Re: count the maximum no.of occurence
by wind (Priest) on Jun 30, 2011 at 06:12 UTC

      I am reading perlretut, and g modifier and zero width look ahead assertion(?=) is what I am reading now... This is good example for me.

      use warnings; use strict; my $str1 = q/It is a guide to action which ensures that the military a +lways obey the commands of the party./; my $str2 = q/It is a guide to action that ensures that the military wi +ll forever heed Party commands is a guide./; my $n=0; while ( $str1 =~ /(?=(\S+\s+\S+\s+\S+))/g ) { #while ( $str1 =~ /(\S+\s+\S+\s+\S+)/g ) { my $t1 = $1; my $line=""; while ( $str2 =~ /($t1)/g ) { $line .= $line eq '' ? '' : ','; $line.="str=$t1, $1($-[0])"; $n++; } print "$line\n" if $str2 =~/$t1/; } print "No of matching is : $n\n";
Re: count the maximum no.of occurence
by sundialsvc4 (Abbot) on Jun 30, 2011 at 12:05 UTC

    For “reasonable amounts” of data, hashrefs are a good way to count things and, to that end, Perl has the very nice voodoo that says that you can simply do $$myhash{$mykey}++ “and It Just Works,™” whether a hash-entry at $mykey previously existed or not.   (If it did, it is incremented ... if not, it automagically appears with a value of 1.)   A very nice example of Perl’s tendencies toward “DWIM = Do What I Mean.™”   It is a very pragmatic language, built and enhanced by people who had a (paying) job to do and who wanted a rugged language with which to do it ... far removed from the hallways of academia.   (You probably won’t write your doctorial thesis about Perl, but you are very likely to complete your doctorial thesis using it.)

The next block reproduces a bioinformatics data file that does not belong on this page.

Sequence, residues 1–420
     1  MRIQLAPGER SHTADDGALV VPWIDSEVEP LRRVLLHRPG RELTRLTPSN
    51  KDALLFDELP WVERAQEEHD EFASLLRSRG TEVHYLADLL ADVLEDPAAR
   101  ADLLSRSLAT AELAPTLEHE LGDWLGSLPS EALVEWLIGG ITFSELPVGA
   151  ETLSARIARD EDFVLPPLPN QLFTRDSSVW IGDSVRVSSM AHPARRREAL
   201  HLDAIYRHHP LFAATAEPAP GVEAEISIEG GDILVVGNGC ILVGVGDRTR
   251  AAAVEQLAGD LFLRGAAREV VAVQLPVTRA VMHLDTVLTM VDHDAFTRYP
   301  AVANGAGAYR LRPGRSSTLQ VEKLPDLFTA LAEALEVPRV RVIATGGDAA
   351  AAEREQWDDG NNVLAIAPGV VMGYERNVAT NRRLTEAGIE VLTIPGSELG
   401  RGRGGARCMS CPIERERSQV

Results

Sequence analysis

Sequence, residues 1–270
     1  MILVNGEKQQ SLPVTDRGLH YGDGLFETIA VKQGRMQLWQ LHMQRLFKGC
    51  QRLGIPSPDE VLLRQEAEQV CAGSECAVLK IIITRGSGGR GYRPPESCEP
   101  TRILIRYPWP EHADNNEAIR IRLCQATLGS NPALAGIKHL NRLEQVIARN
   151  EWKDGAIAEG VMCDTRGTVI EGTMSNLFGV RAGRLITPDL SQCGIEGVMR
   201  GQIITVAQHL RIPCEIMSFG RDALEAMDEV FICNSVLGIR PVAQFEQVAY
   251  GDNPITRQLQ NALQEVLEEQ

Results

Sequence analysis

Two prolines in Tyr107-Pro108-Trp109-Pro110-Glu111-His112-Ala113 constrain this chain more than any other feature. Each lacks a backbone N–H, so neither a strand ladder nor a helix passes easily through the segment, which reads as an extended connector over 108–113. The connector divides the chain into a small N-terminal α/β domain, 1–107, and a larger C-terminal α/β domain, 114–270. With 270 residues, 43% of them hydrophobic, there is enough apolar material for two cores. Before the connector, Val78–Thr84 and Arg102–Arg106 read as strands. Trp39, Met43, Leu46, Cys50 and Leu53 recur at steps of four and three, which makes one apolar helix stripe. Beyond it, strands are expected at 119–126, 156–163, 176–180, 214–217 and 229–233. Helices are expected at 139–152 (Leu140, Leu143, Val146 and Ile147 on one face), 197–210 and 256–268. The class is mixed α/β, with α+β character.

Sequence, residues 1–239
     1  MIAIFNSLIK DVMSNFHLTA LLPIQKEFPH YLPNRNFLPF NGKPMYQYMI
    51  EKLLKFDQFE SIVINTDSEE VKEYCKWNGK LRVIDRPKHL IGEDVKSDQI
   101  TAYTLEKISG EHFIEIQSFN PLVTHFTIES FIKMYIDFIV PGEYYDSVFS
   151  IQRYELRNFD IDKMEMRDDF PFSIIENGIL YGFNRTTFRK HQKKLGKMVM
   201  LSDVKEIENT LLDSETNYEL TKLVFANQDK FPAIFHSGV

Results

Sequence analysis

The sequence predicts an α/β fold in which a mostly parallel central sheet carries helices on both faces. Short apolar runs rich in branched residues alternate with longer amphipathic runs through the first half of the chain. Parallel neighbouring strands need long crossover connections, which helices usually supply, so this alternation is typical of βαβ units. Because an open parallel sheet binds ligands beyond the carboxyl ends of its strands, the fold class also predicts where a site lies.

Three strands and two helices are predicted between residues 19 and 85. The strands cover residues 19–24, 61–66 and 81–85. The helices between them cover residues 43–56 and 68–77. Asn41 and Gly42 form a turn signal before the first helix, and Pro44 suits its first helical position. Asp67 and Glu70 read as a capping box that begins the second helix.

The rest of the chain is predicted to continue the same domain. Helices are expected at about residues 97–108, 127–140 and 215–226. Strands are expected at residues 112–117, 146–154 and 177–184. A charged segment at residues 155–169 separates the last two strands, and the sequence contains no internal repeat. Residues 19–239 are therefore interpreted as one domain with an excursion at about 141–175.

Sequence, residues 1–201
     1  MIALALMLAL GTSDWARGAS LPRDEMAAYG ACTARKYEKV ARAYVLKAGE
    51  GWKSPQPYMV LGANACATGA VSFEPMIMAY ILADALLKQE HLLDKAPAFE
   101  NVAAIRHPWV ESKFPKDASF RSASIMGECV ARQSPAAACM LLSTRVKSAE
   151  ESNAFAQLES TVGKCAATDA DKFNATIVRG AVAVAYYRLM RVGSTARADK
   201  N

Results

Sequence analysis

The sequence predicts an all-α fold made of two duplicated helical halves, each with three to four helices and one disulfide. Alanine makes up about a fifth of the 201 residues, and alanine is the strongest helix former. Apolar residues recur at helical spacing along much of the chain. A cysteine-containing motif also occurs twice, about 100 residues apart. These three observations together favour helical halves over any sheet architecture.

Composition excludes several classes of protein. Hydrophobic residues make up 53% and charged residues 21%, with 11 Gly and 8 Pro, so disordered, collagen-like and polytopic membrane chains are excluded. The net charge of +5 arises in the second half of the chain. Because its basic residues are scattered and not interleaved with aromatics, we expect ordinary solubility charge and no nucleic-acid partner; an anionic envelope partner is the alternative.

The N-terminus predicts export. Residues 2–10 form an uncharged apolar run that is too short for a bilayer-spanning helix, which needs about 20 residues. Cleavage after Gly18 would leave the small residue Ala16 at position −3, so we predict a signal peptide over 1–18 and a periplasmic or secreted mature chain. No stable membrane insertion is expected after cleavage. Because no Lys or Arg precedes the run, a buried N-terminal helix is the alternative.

If on the other hand you are dealing with very large amounts of data, the hands-down way to do it, IMHO, is with an external disk sort, followed by logic that simply compares “this” record to “the preceding record, if any.”   Yes, it is precisely the algorithm that was used with all those punched-cards and, later, reel-to-reel magnetic tapes.   Disk sorts are unexpectedly-fast, and I have watched sorts of (a couple...) billions of records be completed in an acceptable amount of time on a relatively modest machine.   The sort time is more-or-less O(logn), and the subsequent processing of course is pure-linear, O(n).   When data volumes reach the point where virtual-memory paging becomes a significant consideration (and speeds “hit the wall” because of it ...) when using hashes, this strategy remains graceful.

      In what way does this answer the OPs question?
        Maybe sundialsvc4 is testing out a semi-random reply generating AI program?

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      The sort time is more-or-less O(logn),

      No, you moron. Sorting is, at best, O(N log N).


      Examine what is said, not who speaks -- Silence betokens consent -- Love the truth but pardon error.
      "Science is about questioning the status quo. Questioning authority".
      In the absence of evidence, opinion is indistinguishable from prejudice.